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  • Writer's pictureDale DeBakcsy

From the Underground Railroad to Santo Domingo: The Doctor’s Journey of Sarah Loguen Fraser

In 1849, Elizabeth Blackwell became the first woman to earn a medical degree in the United States; within half a century 7,000 American women had followed her example. Twelve years prior to that, in 1837, James McCune Smith became the first black American male to earn such a degree (though he had to travel to the University of Glasgow to do so), and by 1920 there were nearly 4,000 practising black physicians in the United States. Yet while the turn of the twentieth century saw both women and black persons gradually but definitively entering the medical profession, the intersection of those two groups, comprised of black women physicians, lagged far behind the trends of its two constituent classes, with only sixty-five registered practitioners by the 1920s.


Black women who wanted to pursue a medical career had to face a persistent dual prejudice – denigrated for their gender and dismissed for their race – lacking institutions to help them along in their very particular life’s course; prospective black women medical students required either unusually favourable social positions or unusually deep reserves of resolve to see their way through the early stages of their medical training. Eliza Anna Grier (?–1902), for example, was a former slave who took seven years to complete her medical courses at Fisk University because for every year she studied she had to take a year off to work to earn enough money for the next year of education. Grier’s iron will to be educated was undeniably phenomenal, but most black women who earned degrees in the late nineteenth century did so because they came from relatively prosperous and prominent families who had the social connections and financial wherewithal to see them through their university years.


There are dozens of these stories to be told, and everybody has a different vote for which should be held up as the gold standard archetype, but few stories contain as many diverse elements of late nineteenth-century American culture as that of Sarah Loguen Fraser (1850–1933). Born in the year of the Compromise of 1850 which included the Fugitive Slave Act that enflamed abolitionist sentiment in the North and brought the nation one step closer to Civil War, Loguen (referred to as Logan in some sources) would be directly involved with abolitionist causes for the full span of her childhood. Her father, Reverend Jermain Loguen, was a key member of the Underground Railroad, and his Syracuse home was a major hub of its operations.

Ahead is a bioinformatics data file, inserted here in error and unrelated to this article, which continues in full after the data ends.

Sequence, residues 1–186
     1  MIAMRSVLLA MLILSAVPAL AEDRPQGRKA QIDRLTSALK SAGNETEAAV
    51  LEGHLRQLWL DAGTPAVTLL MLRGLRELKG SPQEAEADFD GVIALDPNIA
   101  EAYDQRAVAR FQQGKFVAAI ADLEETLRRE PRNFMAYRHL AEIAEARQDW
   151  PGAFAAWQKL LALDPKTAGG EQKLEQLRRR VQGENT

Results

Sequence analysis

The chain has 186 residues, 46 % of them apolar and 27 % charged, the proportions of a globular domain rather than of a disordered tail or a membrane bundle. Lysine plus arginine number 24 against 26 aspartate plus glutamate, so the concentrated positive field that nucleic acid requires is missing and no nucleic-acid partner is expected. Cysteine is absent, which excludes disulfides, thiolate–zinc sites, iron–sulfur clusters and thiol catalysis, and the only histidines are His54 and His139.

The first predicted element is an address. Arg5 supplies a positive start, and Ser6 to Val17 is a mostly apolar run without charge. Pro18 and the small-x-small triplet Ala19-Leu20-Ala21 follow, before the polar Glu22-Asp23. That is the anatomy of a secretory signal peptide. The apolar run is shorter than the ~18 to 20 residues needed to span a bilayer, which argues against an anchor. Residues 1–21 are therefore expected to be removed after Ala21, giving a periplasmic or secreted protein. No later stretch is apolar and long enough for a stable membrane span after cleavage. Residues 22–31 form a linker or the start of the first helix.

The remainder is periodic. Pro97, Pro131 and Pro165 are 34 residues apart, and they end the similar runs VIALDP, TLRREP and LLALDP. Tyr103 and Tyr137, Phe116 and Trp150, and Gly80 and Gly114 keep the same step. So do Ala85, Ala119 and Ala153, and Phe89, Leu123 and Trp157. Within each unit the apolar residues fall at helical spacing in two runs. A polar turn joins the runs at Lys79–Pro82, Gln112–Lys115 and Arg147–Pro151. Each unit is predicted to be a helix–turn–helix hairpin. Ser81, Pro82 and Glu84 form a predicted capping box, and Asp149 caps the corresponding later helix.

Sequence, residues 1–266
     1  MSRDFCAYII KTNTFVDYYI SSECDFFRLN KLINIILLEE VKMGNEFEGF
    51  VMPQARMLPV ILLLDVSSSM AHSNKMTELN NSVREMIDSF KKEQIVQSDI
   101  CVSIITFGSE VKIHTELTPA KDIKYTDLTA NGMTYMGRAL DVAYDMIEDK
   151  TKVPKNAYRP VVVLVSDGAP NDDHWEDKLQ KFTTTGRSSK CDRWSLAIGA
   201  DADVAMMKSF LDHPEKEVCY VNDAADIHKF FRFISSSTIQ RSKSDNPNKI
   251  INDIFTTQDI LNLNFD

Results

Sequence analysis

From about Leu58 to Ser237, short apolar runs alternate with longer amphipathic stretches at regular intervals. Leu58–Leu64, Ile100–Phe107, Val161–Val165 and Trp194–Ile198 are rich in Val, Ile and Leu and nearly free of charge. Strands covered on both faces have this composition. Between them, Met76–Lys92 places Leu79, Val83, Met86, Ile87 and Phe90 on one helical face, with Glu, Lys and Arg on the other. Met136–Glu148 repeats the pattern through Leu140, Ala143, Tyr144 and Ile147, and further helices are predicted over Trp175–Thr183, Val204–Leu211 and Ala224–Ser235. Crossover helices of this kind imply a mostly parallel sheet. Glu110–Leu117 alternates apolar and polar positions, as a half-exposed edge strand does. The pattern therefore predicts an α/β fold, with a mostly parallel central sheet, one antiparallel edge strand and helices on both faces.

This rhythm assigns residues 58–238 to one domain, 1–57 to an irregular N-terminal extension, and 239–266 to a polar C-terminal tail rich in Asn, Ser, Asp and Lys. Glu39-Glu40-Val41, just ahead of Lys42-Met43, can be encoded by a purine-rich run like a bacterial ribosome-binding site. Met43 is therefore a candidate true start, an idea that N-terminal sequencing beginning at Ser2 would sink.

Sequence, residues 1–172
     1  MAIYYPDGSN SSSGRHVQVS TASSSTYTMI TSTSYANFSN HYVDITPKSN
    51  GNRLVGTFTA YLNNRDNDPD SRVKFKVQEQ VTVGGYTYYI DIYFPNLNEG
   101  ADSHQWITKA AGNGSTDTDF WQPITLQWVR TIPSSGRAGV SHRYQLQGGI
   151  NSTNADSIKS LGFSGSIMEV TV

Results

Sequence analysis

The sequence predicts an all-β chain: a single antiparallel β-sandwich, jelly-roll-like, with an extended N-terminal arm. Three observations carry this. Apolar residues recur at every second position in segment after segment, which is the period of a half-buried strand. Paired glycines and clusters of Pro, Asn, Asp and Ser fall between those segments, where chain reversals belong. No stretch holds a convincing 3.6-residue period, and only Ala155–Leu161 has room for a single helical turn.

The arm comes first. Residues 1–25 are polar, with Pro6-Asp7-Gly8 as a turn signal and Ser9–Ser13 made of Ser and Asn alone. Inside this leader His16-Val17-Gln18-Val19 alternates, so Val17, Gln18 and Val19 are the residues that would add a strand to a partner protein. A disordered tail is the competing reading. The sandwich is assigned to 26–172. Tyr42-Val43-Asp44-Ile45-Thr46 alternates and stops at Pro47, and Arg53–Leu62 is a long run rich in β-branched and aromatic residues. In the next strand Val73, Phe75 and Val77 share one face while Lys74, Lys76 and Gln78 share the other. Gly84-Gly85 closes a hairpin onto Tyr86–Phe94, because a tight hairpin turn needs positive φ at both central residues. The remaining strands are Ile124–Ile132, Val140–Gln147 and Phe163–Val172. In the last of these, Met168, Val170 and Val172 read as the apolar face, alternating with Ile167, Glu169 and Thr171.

Sarah’s youth was filled with the regular arrival of new individuals desperately seeking freedom, their speech struggling to convey the inhumanity of the world they had escaped. Over 1,500 people owed their freedom in part to Reverend Loguen, and so prominent was his part in the aid of runaway slaves that he himself had to flee to Canada for some time to avoid arrest on account of his role in the Jerry Rescue of 1851, which publicly rescued a fugitive slave who had been arrested under the provisions of the 1850 Act.


Raised in a household that counted Frederick Douglass and Gerrit Smith as particular friends, and Harriet Tubman as a close acquaintance, and by a mother who had graduated from the Oneida Institute and who emphasised to all her eight children the importance of working for the benefit of humanity, Sarah had everything that one could hope for in terms of ready-to-hand mentoring and inspiration. Both her parents were keenly aware of the value of education (they were central figures in establishing a series of schools in Syracuse to further black education), and ensured that she began attending school at the age of 5 and learning German, the language in which the most modern advances in chemical and medical knowledge were being promulgated in the late nineteenth century.


Loguen’s early years were filled with learning, but also loss. An older sister died when she was 5, followed by her mother when she was 17, and then her father when she was 22. Up to that point, her life had been defined by service in her father’s cause, particularly after the death of her mother and the marriage of her sister left her as the primary household organiser for a series of years. In 1873, however, she was at a railroad station when she saw a boy struck by a large farm wagon and crushed. She was filled with the hopelessness of watching a young life ebb away while she could do nothing to aid or soothe him. She resolved that: ‘I will never see a human being in need and not be able to help.’


She spoke with a friend of the family, Dr Michael Benedict, a military doctor who had served in the Civil War, and who happened to board her train sometime after her witnessing of the accident. He had long championed women’s medical education, and after ascertaining the depth of Loguen’s commitment, agreed to tutor her in what she would need to enter a medical programme. She was admitted to Syracuse University’s newly launched medical school (where Benedict was a faculty member) in 1873 and had graduated by 1876, becoming the fourth black woman in the United States to obtain a medical degree (behind Rebecca Lee (1864), Rebecca Cole (1867), and Susan Steward (1870)).